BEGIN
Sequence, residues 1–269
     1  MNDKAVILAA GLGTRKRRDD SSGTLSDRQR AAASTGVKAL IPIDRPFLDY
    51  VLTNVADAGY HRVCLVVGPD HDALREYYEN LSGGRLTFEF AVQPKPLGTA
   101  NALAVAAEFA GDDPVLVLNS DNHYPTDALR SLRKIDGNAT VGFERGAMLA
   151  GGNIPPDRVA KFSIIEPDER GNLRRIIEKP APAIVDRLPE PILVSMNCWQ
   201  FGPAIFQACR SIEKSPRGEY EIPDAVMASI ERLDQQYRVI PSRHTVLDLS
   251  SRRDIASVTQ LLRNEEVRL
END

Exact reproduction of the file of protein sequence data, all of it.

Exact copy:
Sequence, residues 1–269
     1  MNDKAVILAA GLGTRKRRDD SSGTLSDRQR AAASTGVKAL IPIDRPFLDY
    51  VLTNVADAGY HRVCLVVGPD HDALREYYEN LSGGRLTFEF AVQPKPLGTA
   101  NALAVAAEFA GDDPVLVLNS DNHYPTDALR SLRKIDGNAT VGFERGAMLA
   151  GGNIPPDRVA KFSIIEPDER GNLRRIIEKP APAIVDRLPE PILVSMNCWQ
   201  FGPAIFQACR SIEKSPRGEY EIPDAVMASI ERLDQQYRVI PSRHTVLDLS
   251  SRRDIASVTQ LLRNEEVRL